A number of B.C. laws could be amended to limit the disturbance of fish habitat. At the same time, well-focused amendments could foster community-based ecological planning and create a new generation of habitat stewards. Although not a complete replacement for federal oversight, shoring up these provincial legal tools may help fill the hole in habitat protection that Bill C-38 created.

The province of British Columbia should:

Implement Water Management Plans (WMPs) across the province.

Part 4 of the Water Act gives the minister the authority to designate areas for the development of a Water Management Plan (WMP) if a WMP will address conflicts between water users, conflicts between water users and in-stream flow requirements, and risks to water quality. The minister may also consider concerns about fish, fish habitat and other environmental matters. If adopted by regulation, WMPs can require statutory decision makers such as local governments and provincial agencies to consider fish habitat when making decisions.

Applying WMPs across the province could be a comprehensive approach to ecosystem-based planning that addresses the protection of broader ecological processes, including fish life processes. Amending Section 65 of the Water Act to require all statutory decision makers to ensure their decisions conform to a WMP -- and extending WMPs to include forestry-related decisions -- could effectively replace the lost federal HADD provisions.

Reform the Riparian Areas Regulation and expand its application to all regional districts in B.C.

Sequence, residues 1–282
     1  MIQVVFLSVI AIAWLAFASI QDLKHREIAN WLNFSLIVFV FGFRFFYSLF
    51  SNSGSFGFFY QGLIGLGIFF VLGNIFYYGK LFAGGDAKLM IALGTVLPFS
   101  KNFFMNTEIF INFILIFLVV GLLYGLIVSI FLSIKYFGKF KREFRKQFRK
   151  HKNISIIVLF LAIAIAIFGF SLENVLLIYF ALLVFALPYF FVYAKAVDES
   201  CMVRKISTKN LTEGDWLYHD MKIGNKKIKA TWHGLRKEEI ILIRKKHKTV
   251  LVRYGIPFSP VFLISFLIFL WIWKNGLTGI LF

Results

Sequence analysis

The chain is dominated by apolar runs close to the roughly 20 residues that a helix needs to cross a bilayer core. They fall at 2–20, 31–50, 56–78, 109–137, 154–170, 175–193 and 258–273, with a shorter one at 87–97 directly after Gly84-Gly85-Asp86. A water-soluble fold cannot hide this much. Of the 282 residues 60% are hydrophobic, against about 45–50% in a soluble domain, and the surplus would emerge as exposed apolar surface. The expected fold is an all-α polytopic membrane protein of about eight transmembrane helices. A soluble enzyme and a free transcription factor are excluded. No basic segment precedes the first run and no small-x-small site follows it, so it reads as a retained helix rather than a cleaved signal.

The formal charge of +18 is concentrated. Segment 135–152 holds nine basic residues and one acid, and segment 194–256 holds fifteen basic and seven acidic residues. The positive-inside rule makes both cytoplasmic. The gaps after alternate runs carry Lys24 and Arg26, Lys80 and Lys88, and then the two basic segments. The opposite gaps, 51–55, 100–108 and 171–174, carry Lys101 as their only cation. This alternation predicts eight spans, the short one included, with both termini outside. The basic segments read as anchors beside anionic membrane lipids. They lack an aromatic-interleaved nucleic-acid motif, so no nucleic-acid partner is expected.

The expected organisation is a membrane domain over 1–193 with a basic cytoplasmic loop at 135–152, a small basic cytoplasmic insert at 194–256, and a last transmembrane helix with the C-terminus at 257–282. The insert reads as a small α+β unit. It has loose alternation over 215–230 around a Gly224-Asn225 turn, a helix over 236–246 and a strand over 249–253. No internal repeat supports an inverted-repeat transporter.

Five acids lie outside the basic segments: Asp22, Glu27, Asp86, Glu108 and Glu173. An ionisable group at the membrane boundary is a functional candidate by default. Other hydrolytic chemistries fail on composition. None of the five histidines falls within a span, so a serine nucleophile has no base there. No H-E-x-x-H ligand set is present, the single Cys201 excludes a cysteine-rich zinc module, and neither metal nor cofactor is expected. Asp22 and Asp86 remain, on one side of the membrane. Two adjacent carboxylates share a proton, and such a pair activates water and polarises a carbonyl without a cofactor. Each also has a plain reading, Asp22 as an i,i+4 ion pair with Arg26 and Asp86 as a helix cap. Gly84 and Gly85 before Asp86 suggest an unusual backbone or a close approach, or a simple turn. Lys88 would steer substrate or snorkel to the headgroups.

The Fish Protection Act's Riparian Areas Regulation (RAR) requires that development proposals within 30 metres of fish-bearing water bodies must be assessed by a qualified professional to determine the proposed development's impact on fish. The professional determines a streamside protection and enhancement area for the potentially affected location which becomes a condition of development approval. The Cohen Commission Inquiry into the Decline of Sockeye Salmon in the Fraser River identified numerous failings of this regulation that require fixing.

While the application of RAR has been widely criticized, its premise is sound: protect the riparian habitat that fish depend upon, and fish health will improve. However, at present the RAR applies only to areas within 14 regional districts and their member municipalities. The province should expand the application of the RAR to all regional districts and municipalities in the province, to ecosystem health in general, and make RAR protections more effective.

Apply Section 9 of the Water Act as a replacement for HADD assessments.

Section 9 of the Water Act empowers provincial water management staff to approve proposals to make changes in and about a stream. The Water Act Regulation goes on to require persons making changes in and about streams to protect habitat by complying with terms and conditions imposed by the habitat officer for the timing of the change, minimum in-stream flows, removal and addition of material, the salvage or protection of fish, and restoration.

The Water Act Regulation defines "habitat" as the areas in and about a stream, and includes spawning grounds, nursery, rearing, food supply and migration areas, as well as the quantity and quality of water on which fish or wildlife depend directly or indirectly for their life processes. Section 9 approvals could be applied in a way that would replace HADD assessments and also take into account other ecosystem values.

In a province where salmon are an icon of our way of life and where respect for ecological integrity is a common value, action should be taken to restore comprehensive protection for fish habitat.

For more information see:

Oliver Brandes, Keith Ferguson, Michael M'Gonigle and Calvin Sandborn. At A Watershed: Ecological Governance and Sustainable Water Management in Canada The POLIS Project on Ecological Governance

Bill C-38 and Offloading Fisheries onto the Provinces West Coast Environmental Law.

Final Report of the Cohen Commission of Inquiry into the Decline of Sockeye Salmon in the Fraser River  [Tyee]

Read more: Environment